Sons need fathers to express their love through: • Time • Affection • Encouragement and challenge.
A son remembers . . . “When I had a cold, my father would rub my chest with Vicks and cover it with a red flannel cloth. On Sunday afternoons, we would walk together to the top of the hill by the dam. “Once there, we would sit on a rock and look down on the town below us. Then I would tell my problems to my father, and he would speak of his to me.” —Christian Barnard, originator of the heart transplant
A Saturday Ritual “I have four kids. Each of them gets one Saturday afternoon a month where it’s just the two of us doing something we both enjoy.” —a School Superintendent
Praise more than you criticize “My father criticized me constantly. He wanted me to be tough. I guess he thought that by pointing out my faults, I would get better. It made me stop trying.”
When Should a Father Push a Son Out of His Comfort Zone? • Mark and soccer • Matthew and swimming
The Importance of Shared Activity Mark, me, and karate
Back-and-forth Questions • How was today on a scale of 1 to 10—where 1 is “terrible” and 10 “terrific”? Why? • What happened today that you didn’t expect? • What did you accomplish today that you feel good about? • What did you learn today? • What’s an interesting conversation you had?
The Family Meal: Have a “Topic.” • What was the best part of your day? • What did you learn today? • How did you help someone today? • What is something you’re grateful for? • What’s a problem you’re having that the rest of the family might be able to help with?
Principle 4 Teach by example.
The most important thing a father can do for his sons is to love and respect their mother.
Positive Role Models The Giraffe Hero Project, www.giraffe.org www.teachwithmovies.com (hundreds of films categorized by values) Books That Build Character by William Kilpatrick (Touchstone, 1994)
Principle 5 Manage the Moral Environment
The importance of supervision: The most academically motivated and morally responsible teens—the least likely to engage in risky behaviors: • Have warm and involved relationships with their parents • Have parents who set clear expectations and monitor their teens’ activities in age-appropriate ways. -Building a Better Teenager, Child Trends 2002 research report, www.childtrends.org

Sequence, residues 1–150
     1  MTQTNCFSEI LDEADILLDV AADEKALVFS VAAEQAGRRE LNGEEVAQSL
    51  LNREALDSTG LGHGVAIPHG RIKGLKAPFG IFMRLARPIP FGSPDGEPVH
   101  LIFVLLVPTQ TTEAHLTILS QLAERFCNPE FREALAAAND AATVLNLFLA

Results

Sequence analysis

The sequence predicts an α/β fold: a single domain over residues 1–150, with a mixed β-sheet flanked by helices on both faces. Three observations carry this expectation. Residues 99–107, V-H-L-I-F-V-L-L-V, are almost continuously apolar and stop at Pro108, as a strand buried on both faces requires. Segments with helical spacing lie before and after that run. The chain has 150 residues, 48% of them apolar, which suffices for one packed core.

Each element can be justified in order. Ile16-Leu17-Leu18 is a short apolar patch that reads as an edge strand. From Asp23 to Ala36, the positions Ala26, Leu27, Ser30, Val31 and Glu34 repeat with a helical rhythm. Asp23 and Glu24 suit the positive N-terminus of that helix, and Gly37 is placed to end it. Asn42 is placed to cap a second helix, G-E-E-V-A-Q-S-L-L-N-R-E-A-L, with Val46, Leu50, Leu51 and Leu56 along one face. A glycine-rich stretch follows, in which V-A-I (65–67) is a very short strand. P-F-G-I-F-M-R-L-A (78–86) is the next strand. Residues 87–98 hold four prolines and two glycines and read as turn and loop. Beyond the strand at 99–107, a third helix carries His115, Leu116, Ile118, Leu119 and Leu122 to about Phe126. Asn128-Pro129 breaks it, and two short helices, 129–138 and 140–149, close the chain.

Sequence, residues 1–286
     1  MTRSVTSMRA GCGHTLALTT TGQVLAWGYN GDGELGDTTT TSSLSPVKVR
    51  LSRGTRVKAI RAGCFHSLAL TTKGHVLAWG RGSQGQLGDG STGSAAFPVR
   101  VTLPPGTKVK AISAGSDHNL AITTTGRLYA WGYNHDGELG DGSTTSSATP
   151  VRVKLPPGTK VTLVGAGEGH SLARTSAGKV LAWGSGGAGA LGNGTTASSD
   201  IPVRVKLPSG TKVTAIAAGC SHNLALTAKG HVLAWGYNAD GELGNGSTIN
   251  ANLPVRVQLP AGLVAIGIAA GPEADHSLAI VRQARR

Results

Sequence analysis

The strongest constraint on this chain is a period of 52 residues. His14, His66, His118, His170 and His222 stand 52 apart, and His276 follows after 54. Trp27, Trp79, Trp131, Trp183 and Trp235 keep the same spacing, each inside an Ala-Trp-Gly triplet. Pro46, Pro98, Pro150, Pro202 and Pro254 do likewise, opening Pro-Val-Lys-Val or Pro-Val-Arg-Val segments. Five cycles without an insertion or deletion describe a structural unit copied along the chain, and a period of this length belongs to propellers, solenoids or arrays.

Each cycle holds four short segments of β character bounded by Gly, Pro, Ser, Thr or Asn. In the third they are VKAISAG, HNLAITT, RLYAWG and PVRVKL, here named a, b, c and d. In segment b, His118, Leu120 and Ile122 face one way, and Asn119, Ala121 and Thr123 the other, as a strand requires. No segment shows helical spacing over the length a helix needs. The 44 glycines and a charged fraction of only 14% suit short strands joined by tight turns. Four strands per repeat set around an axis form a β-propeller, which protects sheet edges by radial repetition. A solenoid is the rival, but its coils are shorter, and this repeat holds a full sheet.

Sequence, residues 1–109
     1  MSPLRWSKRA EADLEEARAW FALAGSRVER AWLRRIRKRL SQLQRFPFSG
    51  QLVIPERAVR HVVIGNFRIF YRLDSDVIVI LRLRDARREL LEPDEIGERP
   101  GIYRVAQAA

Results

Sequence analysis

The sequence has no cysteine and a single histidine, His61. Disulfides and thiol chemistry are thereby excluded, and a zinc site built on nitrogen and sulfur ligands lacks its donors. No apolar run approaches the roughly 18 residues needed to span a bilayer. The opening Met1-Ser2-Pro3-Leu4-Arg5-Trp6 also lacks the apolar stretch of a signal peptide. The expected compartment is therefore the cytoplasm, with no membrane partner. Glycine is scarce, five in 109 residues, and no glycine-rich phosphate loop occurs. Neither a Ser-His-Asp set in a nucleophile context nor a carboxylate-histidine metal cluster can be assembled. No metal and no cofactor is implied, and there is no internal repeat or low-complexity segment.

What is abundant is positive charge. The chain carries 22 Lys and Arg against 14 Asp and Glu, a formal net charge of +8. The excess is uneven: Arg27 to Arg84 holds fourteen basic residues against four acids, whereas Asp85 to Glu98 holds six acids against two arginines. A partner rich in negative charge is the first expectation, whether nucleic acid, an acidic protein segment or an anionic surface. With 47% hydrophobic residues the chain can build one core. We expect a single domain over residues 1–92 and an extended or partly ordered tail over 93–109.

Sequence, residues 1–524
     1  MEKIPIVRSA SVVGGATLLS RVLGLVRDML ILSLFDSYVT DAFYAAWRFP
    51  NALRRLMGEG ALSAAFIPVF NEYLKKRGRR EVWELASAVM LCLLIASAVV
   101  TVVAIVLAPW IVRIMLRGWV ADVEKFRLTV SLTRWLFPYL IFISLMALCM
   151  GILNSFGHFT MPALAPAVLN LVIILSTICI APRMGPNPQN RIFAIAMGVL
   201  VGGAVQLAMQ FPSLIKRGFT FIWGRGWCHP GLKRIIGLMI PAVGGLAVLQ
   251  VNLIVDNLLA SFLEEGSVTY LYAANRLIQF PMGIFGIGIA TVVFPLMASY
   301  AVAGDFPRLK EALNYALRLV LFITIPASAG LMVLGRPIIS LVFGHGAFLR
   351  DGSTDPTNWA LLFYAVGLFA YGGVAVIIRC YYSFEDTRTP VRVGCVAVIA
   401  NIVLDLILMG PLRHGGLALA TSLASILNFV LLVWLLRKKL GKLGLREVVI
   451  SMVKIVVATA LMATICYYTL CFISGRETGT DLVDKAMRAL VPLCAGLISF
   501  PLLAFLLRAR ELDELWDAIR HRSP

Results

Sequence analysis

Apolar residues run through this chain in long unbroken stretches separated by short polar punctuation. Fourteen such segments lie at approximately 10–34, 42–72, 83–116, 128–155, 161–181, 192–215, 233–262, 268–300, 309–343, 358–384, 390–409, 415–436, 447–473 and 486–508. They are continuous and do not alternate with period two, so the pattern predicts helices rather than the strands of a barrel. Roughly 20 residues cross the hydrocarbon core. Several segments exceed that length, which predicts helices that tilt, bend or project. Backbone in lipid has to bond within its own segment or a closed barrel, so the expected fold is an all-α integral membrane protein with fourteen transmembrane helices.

Media Facts • The average child sees about 100 commercials a day. • The average young person consumes nearly 7 hours of electronic media a day. • Three-quarters of 6th-graders have their own TV in their bedrooms. —Kids and Media at the New Millennium , www.kff.org
What The Research Shows • By 16, the average child sees more than 200,000acts of TV violence. • Kids who watch the most violent TV are the most violent. Kids are also desensitized by exposure to violence. (“It’s no big deal.”) • Teens who frequently watch sexual content are more likely to become sexually active.
Family Media Guidelines • We use media to promote family life and good values. • The use of any media (TV, VCR, Internet, etc.) in the home is a privilege, not a right. It requires parental permission. Have a family meeting to explain your reasons for these guidelines.
RECOMMENDATION: Consider having NO TV while you have children in the home.
How do I childproof the Internet? • www.besafehome.com • www.NetNanny.com
Cyberbullying Tips for parents and schools: www.stopcyberbullying.org www.WiredSafety.org (will work with police to find the cyberbully, at no charge)
Supervising Social Media • “For your own sake, I’ll check your online activity (posts, texts, emails) periodically. Please let your friends know I’ll be doing this.” (for further guidelines, see Dr. Michele Borba in our Center’s Feb. 10 excellence & ethics, www.cortland.edu/character)